Premier Wen gives online interview at Xinhuanet, Gov't
Profile: Chinese Premier Wen Jiabao
Chinese Premier Wen Jiabao prepares to
chat with Internet surfers on two state news portals in Beijing, China,
Feb. 28, 2009. (Xinhua Photo)
BEIJING, Feb. 28 (Xinhua) -- Chinese Premier Wen
Jiabao responded to the criticism from Chinese netizens on Saturday, admitting
that to have seriously ill children rescued, a good medical system would matter
more than a good Premier.
The criticism brewed two weeks ago when media reports
said that Wen had personally donated 10,000 yuan to Li Rui and arranged for the
two-year-old suffering leukaemia from the rural area in Zhangjiakou of Hebei
Province to get hospitalized in the Beijing Chidlren's Hospital.
"I noticed the harsh criticism which says good system matters more than good Premier and understood the argument," Wen said, responding to a question on the treatment of seriously ill children in an on-line chat jointly run by the central government website (http://english.gov.cn) and the Xinhua News Agency website (http://www.chinaview.cn
"China has more than four million leukemic children.
Treatment for each would cost more than 100,000 yuan. But no medical insurance
in China would allow reimbursement for such large medical bills," Wen said.
"Being the Premier, I need to think about how to optimize our medical system and
have seriously ill children treated."
"We have already started to work in this direction.
But our efforts is far from enough," he said.
Although 90 percent of China's rural residents have
been covered by the country's rural medical cooperative mechanism, the per
capita reimbursement for serious diseases averages only 100 yuan a year,
demanding fiscal expenditure of nearly 10 billion yuan in total.
"The amount will rise to 120 yuan this year. But it
will remainto be only a drop in the bucket. The only way is to constantly
develop our economy and raise people's income," Wen said.
The Premier said one immediate and viable remedy
would be the establishment of a mechanism that can boldly mobilize the masses to
come to the rescue of seriously ill children.
In his first ever on-line chat, Wen detailed a newly
passed medical reform plan which involved an expenditure of 850 billion yuan
(123 billion U.S. dollars) by 2011 to provide universal medical service to the
country's 1.3 billion population.
Wen said the plan covers five aspects:
-- Expand the coverage of medical insurance. Increase
the amount of rural and urban population covered by the basic medical insurance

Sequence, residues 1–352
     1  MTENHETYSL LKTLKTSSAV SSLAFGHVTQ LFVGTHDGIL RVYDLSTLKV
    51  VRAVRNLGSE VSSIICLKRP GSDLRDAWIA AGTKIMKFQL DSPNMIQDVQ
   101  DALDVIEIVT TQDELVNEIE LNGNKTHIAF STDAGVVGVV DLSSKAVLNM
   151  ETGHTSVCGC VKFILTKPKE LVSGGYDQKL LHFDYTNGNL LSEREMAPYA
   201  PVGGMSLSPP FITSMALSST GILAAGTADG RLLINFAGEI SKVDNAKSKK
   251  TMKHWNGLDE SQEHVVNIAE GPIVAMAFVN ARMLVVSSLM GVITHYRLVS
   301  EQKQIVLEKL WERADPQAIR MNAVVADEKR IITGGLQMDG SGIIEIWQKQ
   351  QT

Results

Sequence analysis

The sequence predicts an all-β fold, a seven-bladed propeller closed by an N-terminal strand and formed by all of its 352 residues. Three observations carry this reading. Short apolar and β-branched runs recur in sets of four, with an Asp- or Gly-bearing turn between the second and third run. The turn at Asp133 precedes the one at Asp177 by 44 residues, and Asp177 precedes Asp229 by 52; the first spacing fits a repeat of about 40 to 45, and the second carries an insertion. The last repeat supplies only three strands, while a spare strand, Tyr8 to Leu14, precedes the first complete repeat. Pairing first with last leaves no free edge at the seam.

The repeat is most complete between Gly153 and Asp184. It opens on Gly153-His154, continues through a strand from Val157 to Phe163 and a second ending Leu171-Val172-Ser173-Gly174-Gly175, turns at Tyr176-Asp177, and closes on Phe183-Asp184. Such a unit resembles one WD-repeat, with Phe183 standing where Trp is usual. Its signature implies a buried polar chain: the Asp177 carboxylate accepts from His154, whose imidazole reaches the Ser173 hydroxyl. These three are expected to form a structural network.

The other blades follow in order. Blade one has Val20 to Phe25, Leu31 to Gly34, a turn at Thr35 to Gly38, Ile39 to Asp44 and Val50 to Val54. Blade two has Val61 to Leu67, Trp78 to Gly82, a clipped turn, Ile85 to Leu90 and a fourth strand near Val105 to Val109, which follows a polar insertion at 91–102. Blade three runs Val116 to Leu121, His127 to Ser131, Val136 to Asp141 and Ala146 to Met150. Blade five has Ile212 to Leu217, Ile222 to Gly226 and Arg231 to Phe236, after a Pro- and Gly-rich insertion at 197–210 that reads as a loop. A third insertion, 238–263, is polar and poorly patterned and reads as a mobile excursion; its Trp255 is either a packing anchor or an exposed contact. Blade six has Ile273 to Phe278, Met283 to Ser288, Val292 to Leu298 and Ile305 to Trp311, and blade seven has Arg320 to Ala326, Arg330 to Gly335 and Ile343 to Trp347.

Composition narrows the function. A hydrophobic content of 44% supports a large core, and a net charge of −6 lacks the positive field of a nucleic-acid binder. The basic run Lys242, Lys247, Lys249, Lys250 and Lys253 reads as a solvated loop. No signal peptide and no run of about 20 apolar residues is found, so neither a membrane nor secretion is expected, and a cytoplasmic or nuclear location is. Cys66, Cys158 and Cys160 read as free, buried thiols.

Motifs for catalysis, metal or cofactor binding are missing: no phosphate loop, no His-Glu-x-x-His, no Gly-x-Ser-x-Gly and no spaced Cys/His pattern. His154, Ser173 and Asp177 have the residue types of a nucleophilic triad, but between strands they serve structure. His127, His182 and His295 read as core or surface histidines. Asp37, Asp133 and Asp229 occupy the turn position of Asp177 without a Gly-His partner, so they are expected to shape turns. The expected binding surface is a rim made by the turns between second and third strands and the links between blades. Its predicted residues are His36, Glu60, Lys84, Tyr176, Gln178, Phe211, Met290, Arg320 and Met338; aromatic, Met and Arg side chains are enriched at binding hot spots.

system to at least 90 percent by 2011.
-- Build a basic medicine system that includes a
catalogue of drugs mostly needed by the public.
-- Improve medical service systems (especially those
at the grassroots level). Build another 5,000 clinics at the township level,
2,000 hospitals at the county level and 2,400 urban community clinics in three
-- Gradually provide equal public health services in
both rural and urban areas in the country.
-- Start to reform public hospitals.
"Health care reform is not easy. Our determination to
push forward the reform shows that the government cares about the health of the
public," Wen said.
"Let me assure you that a good Premier would push
forward the establishment of a good system," he said.
Chinese Premier Wen Jiabao holds an online chat with netizens jointly hosted by the central government website and Xinhua website in Beijing, China, Feb. 28, 2009. (Xinhua/Yao Dawei)
BEIJING, Feb. 28 (Xinhua) -- Chinese Premier Wen Jiabao said here Saturday that China will strive to improve the country's health care system to make health care more accessible and affordable.
He made the comment in an online chat with netizens jointly hosted by the central government website (http://english.gov.cn) and the Xinhua News Agency website (http://www.chinaview.cn ).
Chinese Premier Wen Jiabao holds an online chat with netizens jointly hosted by the central government website and Xinhua website in Beijing, China, Feb. 28, 2009. (Xinhua/Li Xueren)
BEIJING, Feb. 28 (Xinhua) -- Chinese Premier Wen Jiabao on Saturday showed his concern over the country's jobless migrant workers and other unemployed people and encouraged them to start self-employment.
Wen said he had been deeply concerned over the employment issue, including those of migrant workers, college graduates and jobless urban families.